- The Washington Times - Wednesday, August 30, 2000

Vice President Al Gore would back expansion of the United Nations' power and peacekeeping operations as president, but Republican candidate George W. Bush said he would "never place U.S. troops under U.N. command."
The two presidential candidates, responding to questions from a pro-U.N. lobbying group, both endorsed the world body's traditional role in weapons inspections, peacekeeping and humanitarian efforts.
But Mr. Bush drew the line at putting American troops under U.N. command.
The two candidates disagreed earlier this month in written responses to questions on the extent of U.N. authority and U.S. responsibility to pay assessments for U.N. operations not sanctioned by both the administration and Congress.
"The U.N. not only can serve broad global interests in peace and prosperity, it also can contribute in varied and cost-effective ways to our security, prosperity, and safety," Mr. Gore told the Washington-based Campaign for United Nations Reform (CUNR).
"Therefore it is very important that America retain its leadership role in the United Nations, including payment of our U.N. dues … in full, on time and without conditions," he said.
The vice president said he supported U.S. military action either unilaterally or through the U.N. against governments responsible for what the questionnaire termed "gross violations of human rights, genocide, or other major crimes against humanity."
"In some instances we have to act on our own or in coalition with our key allies," Mr. Gore said. "In others, the situation warrants acting through the United Nations."
On the subject of funding, Mr. Bush firmly held to the position of congressional leaders in both parties who have battled the Clinton administration's reluctance to use U.S. generosity as a lever to force congressionally legislated reduction of bureaucratic waste, fraud and corruption in U.N. operations.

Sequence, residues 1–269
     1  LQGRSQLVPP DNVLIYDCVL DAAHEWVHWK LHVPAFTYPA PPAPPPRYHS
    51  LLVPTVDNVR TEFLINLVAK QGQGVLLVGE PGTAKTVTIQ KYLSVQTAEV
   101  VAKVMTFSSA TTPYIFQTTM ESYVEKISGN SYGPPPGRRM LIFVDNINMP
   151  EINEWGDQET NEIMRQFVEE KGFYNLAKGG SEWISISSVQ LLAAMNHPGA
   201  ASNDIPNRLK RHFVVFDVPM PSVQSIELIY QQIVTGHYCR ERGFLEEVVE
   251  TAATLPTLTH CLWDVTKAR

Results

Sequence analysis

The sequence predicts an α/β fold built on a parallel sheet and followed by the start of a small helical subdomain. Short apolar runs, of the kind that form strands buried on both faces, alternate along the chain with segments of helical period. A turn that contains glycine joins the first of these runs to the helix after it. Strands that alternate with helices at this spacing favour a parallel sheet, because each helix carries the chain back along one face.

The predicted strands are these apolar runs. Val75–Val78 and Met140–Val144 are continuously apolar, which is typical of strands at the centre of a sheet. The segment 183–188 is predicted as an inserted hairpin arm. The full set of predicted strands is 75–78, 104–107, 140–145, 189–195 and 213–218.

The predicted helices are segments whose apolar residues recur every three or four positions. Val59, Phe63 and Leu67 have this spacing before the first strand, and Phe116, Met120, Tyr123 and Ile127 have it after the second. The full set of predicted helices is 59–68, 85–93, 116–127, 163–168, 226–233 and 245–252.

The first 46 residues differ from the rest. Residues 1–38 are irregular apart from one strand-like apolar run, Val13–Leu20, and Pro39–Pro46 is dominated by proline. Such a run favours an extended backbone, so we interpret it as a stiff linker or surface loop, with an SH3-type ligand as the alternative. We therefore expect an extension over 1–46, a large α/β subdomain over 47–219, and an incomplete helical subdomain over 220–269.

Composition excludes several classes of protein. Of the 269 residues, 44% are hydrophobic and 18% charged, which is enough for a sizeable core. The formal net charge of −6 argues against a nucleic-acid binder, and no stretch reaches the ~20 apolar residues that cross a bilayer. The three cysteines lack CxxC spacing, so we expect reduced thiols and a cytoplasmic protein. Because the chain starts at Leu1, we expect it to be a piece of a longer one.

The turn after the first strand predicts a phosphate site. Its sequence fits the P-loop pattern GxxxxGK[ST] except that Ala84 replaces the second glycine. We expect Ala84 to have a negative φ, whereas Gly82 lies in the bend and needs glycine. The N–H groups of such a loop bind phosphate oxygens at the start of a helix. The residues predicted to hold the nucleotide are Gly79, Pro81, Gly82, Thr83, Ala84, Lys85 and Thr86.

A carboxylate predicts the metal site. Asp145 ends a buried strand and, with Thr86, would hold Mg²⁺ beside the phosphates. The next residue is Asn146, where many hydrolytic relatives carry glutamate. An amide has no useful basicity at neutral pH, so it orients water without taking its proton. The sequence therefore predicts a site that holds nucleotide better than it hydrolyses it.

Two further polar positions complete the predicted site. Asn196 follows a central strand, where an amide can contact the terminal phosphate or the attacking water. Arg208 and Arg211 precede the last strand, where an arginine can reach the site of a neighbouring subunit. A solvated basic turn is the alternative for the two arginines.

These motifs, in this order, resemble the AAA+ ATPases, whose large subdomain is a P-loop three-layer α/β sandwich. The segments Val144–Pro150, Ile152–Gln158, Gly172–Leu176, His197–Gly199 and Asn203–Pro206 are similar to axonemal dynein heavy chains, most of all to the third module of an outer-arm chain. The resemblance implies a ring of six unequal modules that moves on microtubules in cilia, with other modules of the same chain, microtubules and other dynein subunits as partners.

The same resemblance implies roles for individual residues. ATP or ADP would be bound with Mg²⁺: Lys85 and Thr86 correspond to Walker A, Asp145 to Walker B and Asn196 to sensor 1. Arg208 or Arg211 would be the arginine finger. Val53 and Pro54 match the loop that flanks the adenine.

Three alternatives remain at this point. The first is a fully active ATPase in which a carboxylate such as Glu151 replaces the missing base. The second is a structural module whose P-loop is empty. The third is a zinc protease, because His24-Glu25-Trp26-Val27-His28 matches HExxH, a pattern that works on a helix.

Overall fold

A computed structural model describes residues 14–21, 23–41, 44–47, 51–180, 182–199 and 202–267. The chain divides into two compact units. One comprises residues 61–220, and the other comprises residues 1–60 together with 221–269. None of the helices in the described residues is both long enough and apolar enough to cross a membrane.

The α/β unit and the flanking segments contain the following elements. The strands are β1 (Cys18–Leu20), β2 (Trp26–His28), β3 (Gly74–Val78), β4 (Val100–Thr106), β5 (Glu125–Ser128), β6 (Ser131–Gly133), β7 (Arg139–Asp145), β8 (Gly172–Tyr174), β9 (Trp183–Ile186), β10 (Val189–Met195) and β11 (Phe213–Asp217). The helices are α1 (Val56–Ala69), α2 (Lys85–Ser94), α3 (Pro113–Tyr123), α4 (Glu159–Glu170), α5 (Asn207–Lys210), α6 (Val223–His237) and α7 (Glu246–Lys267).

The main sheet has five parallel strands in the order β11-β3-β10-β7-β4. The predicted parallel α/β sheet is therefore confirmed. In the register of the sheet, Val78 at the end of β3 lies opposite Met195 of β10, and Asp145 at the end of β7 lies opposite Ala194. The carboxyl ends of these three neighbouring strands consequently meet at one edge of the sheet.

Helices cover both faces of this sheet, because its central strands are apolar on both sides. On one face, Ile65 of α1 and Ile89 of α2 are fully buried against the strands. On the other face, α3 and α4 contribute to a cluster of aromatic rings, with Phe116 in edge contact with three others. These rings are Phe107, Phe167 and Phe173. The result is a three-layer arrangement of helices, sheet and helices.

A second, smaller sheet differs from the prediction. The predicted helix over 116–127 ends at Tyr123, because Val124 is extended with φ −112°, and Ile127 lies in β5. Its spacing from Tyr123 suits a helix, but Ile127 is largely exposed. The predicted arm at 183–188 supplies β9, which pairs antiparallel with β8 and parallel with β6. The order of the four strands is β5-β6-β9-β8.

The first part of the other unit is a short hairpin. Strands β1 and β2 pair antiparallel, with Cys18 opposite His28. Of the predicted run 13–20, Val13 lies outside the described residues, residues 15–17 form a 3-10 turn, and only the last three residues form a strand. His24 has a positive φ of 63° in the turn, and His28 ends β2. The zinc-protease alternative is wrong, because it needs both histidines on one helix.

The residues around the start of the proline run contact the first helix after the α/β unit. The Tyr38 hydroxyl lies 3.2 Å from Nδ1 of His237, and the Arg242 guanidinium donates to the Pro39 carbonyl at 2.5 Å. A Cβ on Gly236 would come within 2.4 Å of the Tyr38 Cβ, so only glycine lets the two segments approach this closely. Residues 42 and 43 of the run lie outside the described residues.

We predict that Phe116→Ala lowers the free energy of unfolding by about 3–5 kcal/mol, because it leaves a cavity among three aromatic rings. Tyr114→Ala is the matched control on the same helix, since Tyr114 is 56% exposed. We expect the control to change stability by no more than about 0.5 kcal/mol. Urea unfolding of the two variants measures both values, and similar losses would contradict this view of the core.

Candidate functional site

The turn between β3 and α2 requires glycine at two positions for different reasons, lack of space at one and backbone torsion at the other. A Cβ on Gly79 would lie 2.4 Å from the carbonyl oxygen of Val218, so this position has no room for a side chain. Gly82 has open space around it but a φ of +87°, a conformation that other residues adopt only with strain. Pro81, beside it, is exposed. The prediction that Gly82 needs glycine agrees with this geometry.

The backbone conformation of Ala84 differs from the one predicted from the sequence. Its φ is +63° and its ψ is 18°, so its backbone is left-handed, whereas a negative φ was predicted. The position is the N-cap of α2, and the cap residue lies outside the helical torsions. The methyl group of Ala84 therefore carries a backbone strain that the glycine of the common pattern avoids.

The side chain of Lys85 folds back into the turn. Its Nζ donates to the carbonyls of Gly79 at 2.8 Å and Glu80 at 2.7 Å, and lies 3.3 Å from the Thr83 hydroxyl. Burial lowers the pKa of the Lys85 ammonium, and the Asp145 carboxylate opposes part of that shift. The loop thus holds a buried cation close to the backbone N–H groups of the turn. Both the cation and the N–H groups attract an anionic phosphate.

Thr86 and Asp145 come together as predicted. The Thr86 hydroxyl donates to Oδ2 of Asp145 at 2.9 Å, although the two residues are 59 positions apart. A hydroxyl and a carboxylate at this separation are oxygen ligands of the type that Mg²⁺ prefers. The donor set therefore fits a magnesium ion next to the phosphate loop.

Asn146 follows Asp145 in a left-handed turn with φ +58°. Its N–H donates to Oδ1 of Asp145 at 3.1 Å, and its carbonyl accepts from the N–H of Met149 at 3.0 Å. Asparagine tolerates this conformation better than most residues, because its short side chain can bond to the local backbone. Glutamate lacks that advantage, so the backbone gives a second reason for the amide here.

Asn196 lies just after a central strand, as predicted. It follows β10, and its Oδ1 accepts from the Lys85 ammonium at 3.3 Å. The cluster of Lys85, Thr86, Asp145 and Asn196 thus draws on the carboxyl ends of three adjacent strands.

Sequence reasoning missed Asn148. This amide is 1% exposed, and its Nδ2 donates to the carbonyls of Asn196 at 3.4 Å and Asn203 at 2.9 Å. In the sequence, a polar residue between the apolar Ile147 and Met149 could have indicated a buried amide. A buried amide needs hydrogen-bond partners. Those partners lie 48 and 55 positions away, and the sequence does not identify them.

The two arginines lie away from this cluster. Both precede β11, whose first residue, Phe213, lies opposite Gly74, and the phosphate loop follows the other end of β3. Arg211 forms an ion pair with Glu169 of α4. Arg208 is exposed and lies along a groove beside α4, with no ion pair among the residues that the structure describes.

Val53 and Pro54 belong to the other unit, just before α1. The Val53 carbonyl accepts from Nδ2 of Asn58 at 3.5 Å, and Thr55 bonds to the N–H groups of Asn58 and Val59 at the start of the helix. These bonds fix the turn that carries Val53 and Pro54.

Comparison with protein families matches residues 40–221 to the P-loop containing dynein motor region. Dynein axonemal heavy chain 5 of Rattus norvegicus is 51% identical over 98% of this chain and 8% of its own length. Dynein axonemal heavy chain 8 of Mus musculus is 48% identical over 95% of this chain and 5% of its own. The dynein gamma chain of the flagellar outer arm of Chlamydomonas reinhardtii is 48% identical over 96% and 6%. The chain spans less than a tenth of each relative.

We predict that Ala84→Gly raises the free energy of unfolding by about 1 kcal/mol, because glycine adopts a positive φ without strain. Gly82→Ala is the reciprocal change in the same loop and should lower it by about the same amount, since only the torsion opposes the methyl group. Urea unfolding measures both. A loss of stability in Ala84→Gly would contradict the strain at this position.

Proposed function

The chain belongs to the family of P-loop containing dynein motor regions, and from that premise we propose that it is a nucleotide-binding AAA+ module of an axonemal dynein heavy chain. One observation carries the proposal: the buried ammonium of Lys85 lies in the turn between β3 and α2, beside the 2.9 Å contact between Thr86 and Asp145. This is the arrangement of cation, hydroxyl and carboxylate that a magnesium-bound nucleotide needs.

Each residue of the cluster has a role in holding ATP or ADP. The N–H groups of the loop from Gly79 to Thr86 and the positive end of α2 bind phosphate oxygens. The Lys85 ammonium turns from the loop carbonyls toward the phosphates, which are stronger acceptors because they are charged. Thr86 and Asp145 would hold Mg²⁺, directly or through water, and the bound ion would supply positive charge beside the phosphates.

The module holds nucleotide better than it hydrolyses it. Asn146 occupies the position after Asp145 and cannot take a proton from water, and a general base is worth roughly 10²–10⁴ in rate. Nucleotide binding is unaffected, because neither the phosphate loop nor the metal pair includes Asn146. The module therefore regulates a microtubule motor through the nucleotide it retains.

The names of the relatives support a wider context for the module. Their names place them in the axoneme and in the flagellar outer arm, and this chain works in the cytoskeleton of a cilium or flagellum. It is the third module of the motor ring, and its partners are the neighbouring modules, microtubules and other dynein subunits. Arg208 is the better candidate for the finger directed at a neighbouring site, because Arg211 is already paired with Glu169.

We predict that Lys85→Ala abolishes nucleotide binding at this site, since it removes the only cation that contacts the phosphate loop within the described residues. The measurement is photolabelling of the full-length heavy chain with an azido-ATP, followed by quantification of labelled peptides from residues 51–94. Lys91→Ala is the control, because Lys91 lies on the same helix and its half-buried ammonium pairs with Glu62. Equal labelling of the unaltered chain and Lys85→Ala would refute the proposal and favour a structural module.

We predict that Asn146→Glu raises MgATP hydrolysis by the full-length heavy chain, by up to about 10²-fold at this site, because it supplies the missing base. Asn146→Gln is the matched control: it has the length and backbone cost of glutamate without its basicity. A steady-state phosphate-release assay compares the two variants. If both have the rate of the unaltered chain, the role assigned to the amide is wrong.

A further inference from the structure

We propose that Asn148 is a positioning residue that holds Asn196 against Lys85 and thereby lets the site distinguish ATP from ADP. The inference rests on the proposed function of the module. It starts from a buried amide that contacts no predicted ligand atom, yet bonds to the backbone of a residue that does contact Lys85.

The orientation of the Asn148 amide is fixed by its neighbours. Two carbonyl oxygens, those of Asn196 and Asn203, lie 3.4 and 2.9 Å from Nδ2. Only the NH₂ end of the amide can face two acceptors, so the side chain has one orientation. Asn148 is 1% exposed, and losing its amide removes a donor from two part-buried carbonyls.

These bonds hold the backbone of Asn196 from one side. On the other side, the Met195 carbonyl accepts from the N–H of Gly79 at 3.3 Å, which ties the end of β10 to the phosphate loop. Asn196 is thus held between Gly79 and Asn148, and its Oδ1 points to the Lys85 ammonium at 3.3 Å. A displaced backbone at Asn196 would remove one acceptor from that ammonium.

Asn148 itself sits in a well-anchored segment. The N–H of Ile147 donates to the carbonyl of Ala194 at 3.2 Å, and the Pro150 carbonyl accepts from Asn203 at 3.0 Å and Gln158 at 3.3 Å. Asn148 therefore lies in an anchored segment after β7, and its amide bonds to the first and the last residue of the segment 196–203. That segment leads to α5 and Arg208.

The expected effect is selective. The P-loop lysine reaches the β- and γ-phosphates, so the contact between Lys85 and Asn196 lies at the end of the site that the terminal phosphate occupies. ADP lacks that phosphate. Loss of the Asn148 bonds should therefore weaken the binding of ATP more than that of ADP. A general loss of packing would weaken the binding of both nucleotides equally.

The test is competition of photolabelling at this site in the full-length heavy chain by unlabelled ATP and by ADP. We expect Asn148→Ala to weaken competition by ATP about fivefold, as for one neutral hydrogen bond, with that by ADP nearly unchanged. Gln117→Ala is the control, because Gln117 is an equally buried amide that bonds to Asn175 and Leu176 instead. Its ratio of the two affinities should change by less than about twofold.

"When I am president, America will pay its dues but only if the U.N.'s bureaucracy is reformed and our disproportionate share of its costs reduced," Mr. Bush said.
The Texas governor said he also was "committed to pressing reforms at international financial institutions such as the International Monetary Fund and the World Bank, including greater transparency and accountability at these institutions themselves."
Regarding U.S. involvement in operations approved by the U.N. Security Council and North Atlantic Treaty Organization, Mr. Bush said he believed world bodies "can serve the cause of peace" but not as commanders of U.S. forces.
Mr. Bush did not respond to pointed questions about the refusal of the Republican-led U.S. Senate to ratify several controversial U.N. treaties and conventions that give the world body wide powers over the seas, nuclear weapons, international criminal justice and the global push for women's equality.
Mr. Gore said he unequivocally supported U.S. ratification of the Law of the Sea Treaty, Comprehensive Nuclear Test Ban Treaty, and the U.N. Convention on the Elimination of All Forms of Discrimination Against Women (CEDAW).
The vice president also gave qualified support to U.S. "ratification and financial support of the International Criminal Court if we can correct certain significant flaws in the Rome statute that have been identified by the Clinton-Gore administration."
He said he does not support the Ottawa Treaty to ban production and use of anti-personnel land mines, as written. "It allows the kind of munitions used by Europe and Canada, but bans the specific type of munitions that we require for the protection of our troops in the DMZ in Korea and elsewhere," Mr. Gore said.
"I support efforts to ban anti-personnel mines, but I believe that to sign this treaty in its current form would be irresponsible," he said.
Don Kraus, executive director of Campaign for United Nations Reform, said the lobbying group has not yet decided which presidential candidate to endorse because "we'd like to get more information. Gore was very forthcoming. Bush was not."
However, he termed the candidates' positions "not very surprising. Bush's came out of the Republican platform. Gore repeated administration positions."

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